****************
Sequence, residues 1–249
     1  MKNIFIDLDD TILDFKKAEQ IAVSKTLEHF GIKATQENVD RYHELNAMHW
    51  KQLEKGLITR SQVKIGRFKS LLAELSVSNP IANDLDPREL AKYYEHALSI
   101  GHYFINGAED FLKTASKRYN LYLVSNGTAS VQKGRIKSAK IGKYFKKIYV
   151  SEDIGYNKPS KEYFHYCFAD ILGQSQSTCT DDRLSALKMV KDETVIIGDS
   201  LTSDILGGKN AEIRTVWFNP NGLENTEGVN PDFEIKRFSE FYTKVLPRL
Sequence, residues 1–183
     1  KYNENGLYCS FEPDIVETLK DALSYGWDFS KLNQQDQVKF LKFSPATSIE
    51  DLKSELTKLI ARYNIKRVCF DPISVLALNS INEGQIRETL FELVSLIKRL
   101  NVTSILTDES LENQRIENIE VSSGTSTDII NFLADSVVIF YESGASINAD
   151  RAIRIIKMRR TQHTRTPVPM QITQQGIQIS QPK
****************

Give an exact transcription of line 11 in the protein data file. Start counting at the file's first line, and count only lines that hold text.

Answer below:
   151  RAIRIIKMRR TQHTRTPVPM QITQQGIQIS QPK